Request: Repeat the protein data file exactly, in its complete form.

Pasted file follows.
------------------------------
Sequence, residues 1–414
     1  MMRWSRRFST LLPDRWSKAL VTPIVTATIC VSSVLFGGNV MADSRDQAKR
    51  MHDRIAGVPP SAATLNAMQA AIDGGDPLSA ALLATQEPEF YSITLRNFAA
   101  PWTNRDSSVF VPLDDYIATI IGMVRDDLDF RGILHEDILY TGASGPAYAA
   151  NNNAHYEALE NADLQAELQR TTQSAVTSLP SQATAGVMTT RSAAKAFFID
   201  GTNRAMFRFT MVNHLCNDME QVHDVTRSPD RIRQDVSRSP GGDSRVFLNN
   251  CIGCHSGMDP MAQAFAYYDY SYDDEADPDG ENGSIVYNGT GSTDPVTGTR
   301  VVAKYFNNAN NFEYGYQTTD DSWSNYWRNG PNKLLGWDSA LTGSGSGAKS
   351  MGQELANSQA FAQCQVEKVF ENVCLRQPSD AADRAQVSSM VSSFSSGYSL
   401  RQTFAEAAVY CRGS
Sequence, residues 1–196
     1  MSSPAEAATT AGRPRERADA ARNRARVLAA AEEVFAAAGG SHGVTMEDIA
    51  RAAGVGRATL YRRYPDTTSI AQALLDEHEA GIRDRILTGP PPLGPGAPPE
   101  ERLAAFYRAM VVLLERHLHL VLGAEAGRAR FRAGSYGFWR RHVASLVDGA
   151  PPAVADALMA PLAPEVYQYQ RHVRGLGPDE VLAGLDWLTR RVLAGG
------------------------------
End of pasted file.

Sequence, residues 1–414
     1  MMRWSRRFST LLPDRWSKAL VTPIVTATIC VSSVLFGGNV MADSRDQAKR
    51  MHDRIAGVPP SAATLNAMQA AIDGGDPLSA ALLATQEPEF YSITLRNFAA
   101  PWTNRDSSVF VPLDDYIATI IGMVRDDLDF RGILHEDILY TGASGPAYAA
   151  NNNAHYEALE NADLQAELQR TTQSAVTSLP SQATAGVMTT RSAAKAFFID
   201  GTNRAMFRFT MVNHLCNDME QVHDVTRSPD RIRQDVSRSP GGDSRVFLNN
   251  CIGCHSGMDP MAQAFAYYDY SYDDEADPDG ENGSIVYNGT GSTDPVTGTR
   301  VVAKYFNNAN NFEYGYQTTD DSWSNYWRNG PNKLLGWDSA LTGSGSGAKS
   351  MGQELANSQA FAQCQVEKVF ENVCLRQPSD AADRAQVSSM VSSFSSGYSL
   401  RQTFAEAAVY CRGS
Sequence, residues 1–196
     1  MSSPAEAATT AGRPRERADA ARNRARVLAA AEEVFAAAGG SHGVTMEDIA
    51  RAAGVGRATL YRRYPDTTSI AQALLDEHEA GIRDRILTGP PPLGPGAPPE
   101  ERLAAFYRAM VVLLERHLHL VLGAEAGRAR FRAGSYGFWR RHVASLVDGA
   151  PPAVADALMA PLAPEVYQYQ RHVRGLGPDE VLAGLDWLTR RVLAGG